The Delaware Court of Chancery’s recent decision in Chapter 7 Trustee Constantino Flores v. Strauss Water, C.A. No. 11141-VCS (Del. Ch. Sept. 22), covers many familiar aspects of Delaware law, such as the importance of contracts under Delaware law and enforcing contracts as written and not how a plaintiff wishes it might have been written. The opinion also addresses ground less traveled—how to plead properly a claim for tortious interference with prospective business relations. This article focuses on the distinction the Delaware Court of Chancery drew between the tortious interference claim that survived the motion to dismiss and the one that did not.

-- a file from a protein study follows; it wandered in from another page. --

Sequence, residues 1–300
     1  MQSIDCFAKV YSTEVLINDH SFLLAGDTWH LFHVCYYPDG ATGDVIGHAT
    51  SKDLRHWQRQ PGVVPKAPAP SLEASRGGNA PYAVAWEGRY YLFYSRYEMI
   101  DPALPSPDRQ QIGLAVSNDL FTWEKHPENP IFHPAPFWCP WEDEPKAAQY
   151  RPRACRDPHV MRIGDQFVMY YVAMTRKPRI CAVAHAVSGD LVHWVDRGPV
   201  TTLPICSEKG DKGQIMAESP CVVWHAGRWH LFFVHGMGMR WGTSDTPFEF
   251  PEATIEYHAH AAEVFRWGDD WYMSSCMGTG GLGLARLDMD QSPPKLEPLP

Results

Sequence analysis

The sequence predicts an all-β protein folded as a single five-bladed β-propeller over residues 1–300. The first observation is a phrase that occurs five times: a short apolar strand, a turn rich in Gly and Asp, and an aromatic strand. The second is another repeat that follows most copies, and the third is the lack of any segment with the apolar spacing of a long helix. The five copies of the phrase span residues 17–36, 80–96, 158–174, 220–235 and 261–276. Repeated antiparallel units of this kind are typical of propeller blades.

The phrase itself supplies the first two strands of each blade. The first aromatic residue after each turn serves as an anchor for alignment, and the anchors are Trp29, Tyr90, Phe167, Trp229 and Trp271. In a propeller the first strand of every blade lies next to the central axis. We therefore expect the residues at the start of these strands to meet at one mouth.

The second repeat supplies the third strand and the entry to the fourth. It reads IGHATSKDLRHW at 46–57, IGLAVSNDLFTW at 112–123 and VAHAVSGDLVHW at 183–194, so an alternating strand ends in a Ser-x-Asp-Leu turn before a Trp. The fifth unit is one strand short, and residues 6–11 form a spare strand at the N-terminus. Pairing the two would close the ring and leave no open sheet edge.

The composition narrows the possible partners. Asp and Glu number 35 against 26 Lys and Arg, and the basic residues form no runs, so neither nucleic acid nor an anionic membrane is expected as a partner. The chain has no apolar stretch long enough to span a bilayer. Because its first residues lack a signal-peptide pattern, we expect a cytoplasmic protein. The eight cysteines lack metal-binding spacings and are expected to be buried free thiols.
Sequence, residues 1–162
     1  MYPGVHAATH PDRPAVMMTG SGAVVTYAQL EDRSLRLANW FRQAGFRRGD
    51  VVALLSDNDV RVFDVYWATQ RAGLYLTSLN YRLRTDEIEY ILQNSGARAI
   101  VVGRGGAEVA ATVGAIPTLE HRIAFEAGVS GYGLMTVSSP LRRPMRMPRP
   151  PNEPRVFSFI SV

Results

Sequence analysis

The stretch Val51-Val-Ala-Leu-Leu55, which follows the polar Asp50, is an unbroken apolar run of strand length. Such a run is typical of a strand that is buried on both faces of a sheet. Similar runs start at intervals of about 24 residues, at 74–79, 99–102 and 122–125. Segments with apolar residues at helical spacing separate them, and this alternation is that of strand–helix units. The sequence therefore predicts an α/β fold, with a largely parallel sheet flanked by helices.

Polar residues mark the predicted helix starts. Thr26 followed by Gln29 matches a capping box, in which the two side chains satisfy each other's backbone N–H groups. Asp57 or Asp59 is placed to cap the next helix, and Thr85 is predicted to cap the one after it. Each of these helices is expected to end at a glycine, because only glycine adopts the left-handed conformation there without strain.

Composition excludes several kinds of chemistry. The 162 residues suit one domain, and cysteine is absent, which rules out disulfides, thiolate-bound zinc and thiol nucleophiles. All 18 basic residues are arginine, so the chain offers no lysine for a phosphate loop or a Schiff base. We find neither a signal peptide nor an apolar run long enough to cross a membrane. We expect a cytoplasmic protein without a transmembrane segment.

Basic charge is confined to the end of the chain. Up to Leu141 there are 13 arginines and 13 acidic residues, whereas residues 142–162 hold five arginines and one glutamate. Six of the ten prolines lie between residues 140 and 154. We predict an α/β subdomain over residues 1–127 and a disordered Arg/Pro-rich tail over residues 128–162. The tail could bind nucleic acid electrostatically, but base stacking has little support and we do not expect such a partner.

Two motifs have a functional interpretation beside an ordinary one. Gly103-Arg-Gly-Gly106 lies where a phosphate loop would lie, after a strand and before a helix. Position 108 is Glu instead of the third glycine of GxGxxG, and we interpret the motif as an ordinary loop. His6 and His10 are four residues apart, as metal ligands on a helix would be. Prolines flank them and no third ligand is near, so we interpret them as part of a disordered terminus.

The claims in Flores were brought by the Chapter 7 trustee of the bankruptcy estates of Esio Beverage Co., Esio Holding Co. and Esio Franchising. Esio alleged that the fraudulent and tortious scheme of Strauss Water forced Esio into bankruptcy. The relationship between Esio and Strauss had its origins in 2011, when Esio approached Strauss about a possible investment in Esio. Esio had a license to a beverage dispensing technology and Strauss had developed a specialized carbonation technology that Esio thought would fit well with its new products.

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